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Equal protection for workers



Published: Thu, June 2, 2005 @ 12:00 a.m.



Baltimore Sun: Congress is wisely moving to rein in unscrupulous employers who exploit foreign guest workers, a long-standing problem that undermines labor standards in American workplaces.

Lawmakers recently proposed strengthening regulations governing guest worker programs and levying stiff fines for employers who violate the rules. Considering the widespread abuse in industries that hire these workers, the measures deserve strong support. Lawmakers should also extend protections to undocumented immigrants, who are a much more sizable portion of this country's work force.

Those who argue against giving undocumented immigrants workplace protections would be more persuasive if the Bush administration were seriously going after the employers who illegally hire them. Instead, the administration has largely tolerated this practice as a necessary component of labor market forces. As such, these workers deserve to be protected too, if not for ethical reasons then for the country's self-interest. Improved labor standards and safer working conditions benefit all workers -- American and foreign.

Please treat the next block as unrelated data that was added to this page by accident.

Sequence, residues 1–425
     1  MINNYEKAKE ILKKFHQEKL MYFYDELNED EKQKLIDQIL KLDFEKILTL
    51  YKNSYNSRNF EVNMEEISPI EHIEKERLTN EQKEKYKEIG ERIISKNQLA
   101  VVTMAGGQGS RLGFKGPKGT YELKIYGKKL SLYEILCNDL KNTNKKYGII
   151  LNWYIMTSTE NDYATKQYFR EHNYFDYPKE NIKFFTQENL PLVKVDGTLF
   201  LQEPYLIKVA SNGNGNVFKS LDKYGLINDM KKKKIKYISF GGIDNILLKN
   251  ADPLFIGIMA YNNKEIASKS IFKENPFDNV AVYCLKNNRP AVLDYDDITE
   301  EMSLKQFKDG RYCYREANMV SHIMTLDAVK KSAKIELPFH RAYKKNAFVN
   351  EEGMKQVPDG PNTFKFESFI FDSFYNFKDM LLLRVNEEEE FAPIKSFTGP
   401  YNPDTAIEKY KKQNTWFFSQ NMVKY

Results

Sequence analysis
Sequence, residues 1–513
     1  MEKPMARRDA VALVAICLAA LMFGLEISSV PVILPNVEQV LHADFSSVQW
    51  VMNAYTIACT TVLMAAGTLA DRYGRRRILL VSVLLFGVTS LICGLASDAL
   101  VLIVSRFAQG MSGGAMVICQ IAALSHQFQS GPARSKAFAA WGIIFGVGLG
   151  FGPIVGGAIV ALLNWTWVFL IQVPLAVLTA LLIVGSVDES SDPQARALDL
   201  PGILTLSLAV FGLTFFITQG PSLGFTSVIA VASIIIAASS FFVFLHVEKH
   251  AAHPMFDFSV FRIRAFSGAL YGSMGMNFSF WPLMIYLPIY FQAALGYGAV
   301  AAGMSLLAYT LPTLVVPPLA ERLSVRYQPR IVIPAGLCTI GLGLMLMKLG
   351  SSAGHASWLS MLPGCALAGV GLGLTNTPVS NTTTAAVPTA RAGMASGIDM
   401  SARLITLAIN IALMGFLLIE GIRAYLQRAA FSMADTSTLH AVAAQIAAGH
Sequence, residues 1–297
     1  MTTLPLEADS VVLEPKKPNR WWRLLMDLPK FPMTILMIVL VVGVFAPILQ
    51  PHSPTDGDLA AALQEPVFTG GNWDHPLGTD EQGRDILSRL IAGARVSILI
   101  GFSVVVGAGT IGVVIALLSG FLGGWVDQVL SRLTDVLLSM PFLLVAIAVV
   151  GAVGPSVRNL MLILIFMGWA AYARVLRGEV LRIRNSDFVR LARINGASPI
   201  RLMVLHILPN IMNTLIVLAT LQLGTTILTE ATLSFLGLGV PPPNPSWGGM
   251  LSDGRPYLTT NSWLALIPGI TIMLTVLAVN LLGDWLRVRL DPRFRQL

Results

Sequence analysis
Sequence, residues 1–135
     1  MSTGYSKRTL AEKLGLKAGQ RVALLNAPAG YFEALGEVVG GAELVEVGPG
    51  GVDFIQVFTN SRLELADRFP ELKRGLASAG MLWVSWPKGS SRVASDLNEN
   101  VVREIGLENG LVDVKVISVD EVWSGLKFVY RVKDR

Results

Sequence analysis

Employers who overwork and underpay undocumented workers, expose them to dangerous job conditions yet refuse to pay medical expenses for injuries and threaten to have them deported if they complain lower the standards for everyone.

Rep. George Miller, a California Democrat, has introduced legislation that would hold employers and foreign labor contractors jointly responsible for mistreatment of guest workers, and heavily fine violators.

Documented abuses

Mr. Miller has pressed for this measure before to end widely documented abuses, including indentured servitude, of tens of thousands of mostly poor Asian women in the Northern Mariana Islands, a U.S. commonwealth. One needn't look far to find similar examples stateside, in the agricultural, construction, landscape and meatpacking industries, among many others, where the victims are from Mexico, Central America and the Caribbean.

"This type of abuse is happening all over our nation," Mr. Miller said in a written statement. "It is a violation of our most basic shared humanity, and it must be stopped." We agree wholeheartedly.




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